By the time of his death in 1988, Romare Bearden was most widely celebrated for his large-scale public murals and collages, which were reproduced in such publications as Time and Esquire to symbolize and evoke the black experience in America. As Mary Schmidt Campbell shows us in this definitive, defining, and immersive biography, the relationship between art and race was central to his life and work -- a constant, driving creative tension. Bearden started as a cartoonist during his college years, but in the later 1930s turned to painting and became part of a community of artists supported by the Works Progress Administration. As his reputation grew he perfected his skills, studying the European masters and analyzing and breaking down their techniques to find new ways to apply them to the America he knew, one in which the struggle for civil rights became all-absorbing. By the time of the March on Washington in 1963, he had begun to experiment with the Projections, as he called his major collages, in which he tried to capture the full spectrum of the black experience, from the grind of daily life to broader visions and aspirations. Campbell's book offers a full and vibrant account of Bearden's life -- his years in Harlem (his studio was above the Apollo theater), to his travels and commissions, along with illuminating analysis of his work and artistic career. Campbell, who met Bearden in the 1970s, was among the first to compile a catalogue of his works. An American Odyssey goes far beyond that, offering a living portrait of an artist and the impact he made upon the world he sought both to recreate and celebrate.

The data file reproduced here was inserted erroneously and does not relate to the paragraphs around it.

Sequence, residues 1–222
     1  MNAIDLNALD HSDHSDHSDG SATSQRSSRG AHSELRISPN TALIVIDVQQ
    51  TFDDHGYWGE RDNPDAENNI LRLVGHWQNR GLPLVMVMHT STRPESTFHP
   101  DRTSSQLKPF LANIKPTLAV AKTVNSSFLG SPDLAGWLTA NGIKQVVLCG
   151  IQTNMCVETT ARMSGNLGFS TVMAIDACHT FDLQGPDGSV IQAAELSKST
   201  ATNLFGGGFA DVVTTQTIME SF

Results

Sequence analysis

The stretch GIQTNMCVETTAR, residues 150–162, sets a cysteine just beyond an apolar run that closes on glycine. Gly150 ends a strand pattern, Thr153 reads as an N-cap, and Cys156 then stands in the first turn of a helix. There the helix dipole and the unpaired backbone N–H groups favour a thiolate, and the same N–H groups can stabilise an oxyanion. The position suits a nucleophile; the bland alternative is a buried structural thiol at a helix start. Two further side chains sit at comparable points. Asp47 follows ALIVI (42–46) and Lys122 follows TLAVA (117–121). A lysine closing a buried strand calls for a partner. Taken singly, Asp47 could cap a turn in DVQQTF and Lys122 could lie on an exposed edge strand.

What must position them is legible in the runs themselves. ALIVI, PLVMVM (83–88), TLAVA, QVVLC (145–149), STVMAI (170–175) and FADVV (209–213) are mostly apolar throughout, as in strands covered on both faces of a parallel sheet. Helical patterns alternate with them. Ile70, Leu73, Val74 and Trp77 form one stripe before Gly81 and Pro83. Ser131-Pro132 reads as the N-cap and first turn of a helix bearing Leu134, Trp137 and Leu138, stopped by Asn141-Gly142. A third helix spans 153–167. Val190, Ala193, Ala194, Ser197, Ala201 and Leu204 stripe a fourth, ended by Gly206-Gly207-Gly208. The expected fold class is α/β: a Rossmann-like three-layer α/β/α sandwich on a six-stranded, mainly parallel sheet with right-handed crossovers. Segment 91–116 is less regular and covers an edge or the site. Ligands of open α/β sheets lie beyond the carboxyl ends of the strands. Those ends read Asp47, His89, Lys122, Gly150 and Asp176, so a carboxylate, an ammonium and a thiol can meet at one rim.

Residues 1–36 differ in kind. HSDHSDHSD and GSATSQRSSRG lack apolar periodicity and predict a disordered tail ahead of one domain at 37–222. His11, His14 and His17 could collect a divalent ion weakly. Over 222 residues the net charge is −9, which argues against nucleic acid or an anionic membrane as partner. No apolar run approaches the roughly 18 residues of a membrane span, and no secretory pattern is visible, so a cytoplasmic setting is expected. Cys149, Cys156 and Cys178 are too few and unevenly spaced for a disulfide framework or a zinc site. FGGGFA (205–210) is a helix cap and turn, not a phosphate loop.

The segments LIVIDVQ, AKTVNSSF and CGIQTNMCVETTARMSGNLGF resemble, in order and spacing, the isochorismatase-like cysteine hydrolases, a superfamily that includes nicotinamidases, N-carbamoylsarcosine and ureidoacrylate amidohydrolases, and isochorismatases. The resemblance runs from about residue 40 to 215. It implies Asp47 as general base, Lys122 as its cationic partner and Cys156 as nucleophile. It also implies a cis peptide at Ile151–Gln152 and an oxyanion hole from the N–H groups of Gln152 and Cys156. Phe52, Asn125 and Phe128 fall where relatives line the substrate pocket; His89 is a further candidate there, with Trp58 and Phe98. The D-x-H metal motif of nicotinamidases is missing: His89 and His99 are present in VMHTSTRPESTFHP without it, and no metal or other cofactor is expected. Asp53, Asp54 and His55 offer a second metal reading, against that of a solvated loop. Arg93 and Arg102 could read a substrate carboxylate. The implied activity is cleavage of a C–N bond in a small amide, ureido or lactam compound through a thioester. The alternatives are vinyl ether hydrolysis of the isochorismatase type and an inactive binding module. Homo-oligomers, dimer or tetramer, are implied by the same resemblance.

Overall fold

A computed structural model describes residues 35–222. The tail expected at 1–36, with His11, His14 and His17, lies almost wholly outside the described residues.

Dr. Mary Schmidt Campbell is the current president of Spelman College. Prior to arriving in Atlanta, Dr. Campbell was a major force in the cultural life of New York City. Her career in New York, which included various challenging roles, began at the Studio Museum in Harlem where she served for ten years. Her role there began at a time when the city was on the verge of bankruptcy and Harlem was in steep decline. However, under her leadership, the museum was transformed from a rented loft to the country’s first accredited Black Fine Arts Museum. Dr. Campbell also established herself as a stalwart supporter who championed the need for professional development opportunities for women and people of color in the arts. In September 2009, former President Barack Obama appointed Dr. Campbell as the vice chair of the President’s Committee on the Arts and Humanities, a non-partisan advisory committee to the President of the United States on cultural matters. As vice chair, Dr. Campbell took an active role in reaffirming the arts as one of the ingredients essential to effective public school education. Campbell received a bachelor’s of art degree in English literature from Swarthmore College, a master’s of art in art history from Syracuse University, and a doctorate in humanities, also from Syracuse. She and her husband, Dr. George Campbell, Jr., president emeritus of The Cooper Union for the Advancement of Science and Art, are the parents of three sons and have six grandchildren.